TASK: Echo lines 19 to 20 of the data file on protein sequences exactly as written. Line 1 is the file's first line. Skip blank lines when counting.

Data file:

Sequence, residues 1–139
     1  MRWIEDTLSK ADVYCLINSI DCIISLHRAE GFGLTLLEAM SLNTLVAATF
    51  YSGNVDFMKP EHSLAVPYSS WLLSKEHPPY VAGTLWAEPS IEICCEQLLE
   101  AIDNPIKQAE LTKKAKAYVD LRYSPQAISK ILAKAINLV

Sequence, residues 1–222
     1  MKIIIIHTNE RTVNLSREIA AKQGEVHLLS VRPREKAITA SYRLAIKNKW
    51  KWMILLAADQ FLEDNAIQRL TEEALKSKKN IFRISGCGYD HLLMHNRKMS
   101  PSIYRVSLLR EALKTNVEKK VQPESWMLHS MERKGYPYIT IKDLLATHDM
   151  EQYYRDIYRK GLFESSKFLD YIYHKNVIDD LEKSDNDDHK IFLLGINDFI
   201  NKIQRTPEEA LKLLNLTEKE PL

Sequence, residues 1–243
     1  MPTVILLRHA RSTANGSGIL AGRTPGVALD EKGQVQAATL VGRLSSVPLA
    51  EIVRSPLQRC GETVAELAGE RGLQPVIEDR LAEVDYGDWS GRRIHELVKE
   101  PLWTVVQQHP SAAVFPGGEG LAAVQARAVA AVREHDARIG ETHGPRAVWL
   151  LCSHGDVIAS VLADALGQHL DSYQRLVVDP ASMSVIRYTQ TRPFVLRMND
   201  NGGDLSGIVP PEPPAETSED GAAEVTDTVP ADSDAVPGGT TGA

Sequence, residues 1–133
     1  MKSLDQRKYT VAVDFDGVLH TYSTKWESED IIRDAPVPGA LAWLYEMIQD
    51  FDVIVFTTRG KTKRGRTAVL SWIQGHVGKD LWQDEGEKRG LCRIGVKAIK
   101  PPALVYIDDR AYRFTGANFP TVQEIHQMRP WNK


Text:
    51  FDVIVFTTRG KTKRGRTAVL SWIQGHVGKD LWQDEGEKRG LCRIGVKAIK
   101  PPALVYIDDR AYRFTGANFP TVQEIHQMRP WNK